17
Jun
15

Junior Year Abroad

When talking about study abroad, sometimes I share with students that “my father did his junior year abroad in Korea.” Reactions vary. With the popularity of the current “Korean wave,” some students feel that his experience must have been pretty “cool.” Others show little interest at all. Few, if any, figure out that his “junior year abroad” in Korea was actually a stint in the US Army during the Korean War. He was, in fact, drafted and served while pursuing his B.S. degree at the University of Minnesota. Although my mother gently encouraged him to share his experience with family as he got older, my father never did before passing away in November 2011. There were only bits of factual information we had gleaned over the years. He traveled to and from Korea on a troop ship, stopping in Yokohama en route. The winters were cold and miserable. The food was awful. There were few very laughs, unlike depictions from the TV series M*A*S*H (Altman’s movie version seemed closer to the experience according to my father).

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Broken Bridge over the Yalü

It’s highly problematic, of course, to associate military service overseas with study abroad. But during our recent trip to Dandong 丹东, China, which lies on the Yalü river 鸭绿江 across from North Korea, I could not help but think about how different my father’s experience must have been while stationed on the peninsula. Here I was with a group of students and my colleague traveling on a comfortable bus to the border. There are still obvious reminders of the war, such as the “Resist America, Aid Korea” 抗美援朝 museum in Dandong and the Broken Bridge 断桥, which was bombed in 1951 but still stands today, spanning just over half way across the Yalü River from the Chinese side. But our trip was safe, fun, and touristy. We got very close to the border on both the ground at the Eastern Great Wall and during the Yalü River boat cruise. We even had the opportunity for “illicit” contact with citizens of the DPRK. Halfway through the river cruise, our tour boat stopped and a black North Korean skiff pulled up beside us to offer “forbidden” North Korean goods for sale. I made my purchase using American dollars, which are in high demand on the black market there.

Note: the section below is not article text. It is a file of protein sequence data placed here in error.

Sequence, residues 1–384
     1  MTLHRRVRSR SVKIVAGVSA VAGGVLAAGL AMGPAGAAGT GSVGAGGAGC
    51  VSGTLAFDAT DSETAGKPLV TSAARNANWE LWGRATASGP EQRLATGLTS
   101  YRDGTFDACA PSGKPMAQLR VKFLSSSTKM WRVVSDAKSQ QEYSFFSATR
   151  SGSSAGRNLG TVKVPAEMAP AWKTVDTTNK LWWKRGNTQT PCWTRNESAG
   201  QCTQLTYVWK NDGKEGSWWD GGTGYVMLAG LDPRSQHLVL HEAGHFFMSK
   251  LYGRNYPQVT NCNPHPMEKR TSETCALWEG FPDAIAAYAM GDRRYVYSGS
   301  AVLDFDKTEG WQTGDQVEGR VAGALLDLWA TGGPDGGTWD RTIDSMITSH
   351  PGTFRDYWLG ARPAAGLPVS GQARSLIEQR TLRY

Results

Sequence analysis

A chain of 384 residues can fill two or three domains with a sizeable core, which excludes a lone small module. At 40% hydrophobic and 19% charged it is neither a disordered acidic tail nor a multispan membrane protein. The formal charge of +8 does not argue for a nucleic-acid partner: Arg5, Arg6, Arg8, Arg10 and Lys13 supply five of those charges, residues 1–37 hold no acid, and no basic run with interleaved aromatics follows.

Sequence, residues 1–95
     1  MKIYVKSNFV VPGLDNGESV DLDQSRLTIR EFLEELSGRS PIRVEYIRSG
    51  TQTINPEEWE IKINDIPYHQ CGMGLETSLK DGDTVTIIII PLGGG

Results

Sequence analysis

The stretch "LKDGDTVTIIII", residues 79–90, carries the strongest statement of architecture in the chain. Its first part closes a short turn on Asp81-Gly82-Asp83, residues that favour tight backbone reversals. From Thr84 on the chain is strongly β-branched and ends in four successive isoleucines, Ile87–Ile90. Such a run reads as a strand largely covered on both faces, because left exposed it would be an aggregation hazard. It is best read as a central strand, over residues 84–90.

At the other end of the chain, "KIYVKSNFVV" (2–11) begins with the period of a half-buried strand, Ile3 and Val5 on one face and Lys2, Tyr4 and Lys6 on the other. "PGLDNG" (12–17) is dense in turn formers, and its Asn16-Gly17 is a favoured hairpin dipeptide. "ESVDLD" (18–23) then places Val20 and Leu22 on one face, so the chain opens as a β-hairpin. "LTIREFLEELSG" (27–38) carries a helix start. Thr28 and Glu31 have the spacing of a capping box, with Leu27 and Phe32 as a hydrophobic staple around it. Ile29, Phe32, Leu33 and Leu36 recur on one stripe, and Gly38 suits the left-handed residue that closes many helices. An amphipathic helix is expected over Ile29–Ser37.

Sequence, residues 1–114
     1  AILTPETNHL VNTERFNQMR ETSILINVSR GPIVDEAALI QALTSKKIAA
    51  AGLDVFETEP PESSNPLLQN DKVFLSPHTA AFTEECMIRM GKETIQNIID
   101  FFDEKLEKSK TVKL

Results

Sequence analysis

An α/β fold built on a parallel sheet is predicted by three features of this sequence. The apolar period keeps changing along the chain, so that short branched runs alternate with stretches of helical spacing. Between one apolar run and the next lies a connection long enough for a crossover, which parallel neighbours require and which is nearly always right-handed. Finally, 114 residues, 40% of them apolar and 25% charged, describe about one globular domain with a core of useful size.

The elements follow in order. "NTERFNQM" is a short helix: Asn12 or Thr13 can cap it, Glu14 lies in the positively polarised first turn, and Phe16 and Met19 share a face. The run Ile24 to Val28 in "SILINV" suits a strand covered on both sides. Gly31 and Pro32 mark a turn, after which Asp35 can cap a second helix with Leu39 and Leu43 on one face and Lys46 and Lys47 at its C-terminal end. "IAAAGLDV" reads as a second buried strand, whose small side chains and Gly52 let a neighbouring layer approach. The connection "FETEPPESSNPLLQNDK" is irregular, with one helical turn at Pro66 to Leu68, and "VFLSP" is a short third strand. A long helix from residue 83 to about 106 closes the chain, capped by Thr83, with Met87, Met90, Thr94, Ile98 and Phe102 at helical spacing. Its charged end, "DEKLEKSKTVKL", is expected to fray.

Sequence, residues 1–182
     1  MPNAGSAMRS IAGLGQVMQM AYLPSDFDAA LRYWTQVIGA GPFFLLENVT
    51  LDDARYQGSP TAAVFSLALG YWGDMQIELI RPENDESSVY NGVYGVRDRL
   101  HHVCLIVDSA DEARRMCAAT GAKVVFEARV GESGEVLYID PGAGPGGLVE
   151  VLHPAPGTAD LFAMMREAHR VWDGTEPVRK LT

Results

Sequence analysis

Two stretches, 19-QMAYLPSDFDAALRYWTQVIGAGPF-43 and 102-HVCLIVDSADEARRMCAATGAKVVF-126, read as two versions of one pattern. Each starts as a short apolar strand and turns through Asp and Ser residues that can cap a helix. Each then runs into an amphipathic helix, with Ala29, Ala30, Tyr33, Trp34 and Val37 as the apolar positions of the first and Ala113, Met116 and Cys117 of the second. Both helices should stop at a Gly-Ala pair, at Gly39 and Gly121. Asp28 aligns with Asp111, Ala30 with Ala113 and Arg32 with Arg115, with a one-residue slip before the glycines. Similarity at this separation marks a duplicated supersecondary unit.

It was not the first time I had met North Koreans. While studying Chinese at Peking University, I made several good North Korean friends, including a student surnamed Kim. He had a great sense of humor and liked to joke that he was the King of Albania. We talked about many things, including the possibility that our fathers may have fought against each other during the Korean War. How much better it was that we could have a beer and hang out together while studying abroad. How different the experience was than our fathers’ generation.

Sign on Chinese side of river. The forbidden item being throw to the Korean side is

Sign on Chinese side of river. The forbidden item being throw to the Korean side is “food.”

Study abroad is a wonderful opportunity to learn more about the world and more about oneself. Although international people-to-people exchanges and interaction alone won’t prevent future wars or military conflicts, they are a possible means to break down, at least, certain misconceptions and stereotypes about others. Adding a human dimension to what may otherwise be an abstraction is a good first step to better understanding others and other cultures. Although study abroad may not be for everyone, it’s easier and more comfortable than ever before; no matter how challenging or difficult, it’s certainly bound to be a much better experience than my father’s “junior year abroad.”

Dedicated to the memory of my father. Requiescat in pace.

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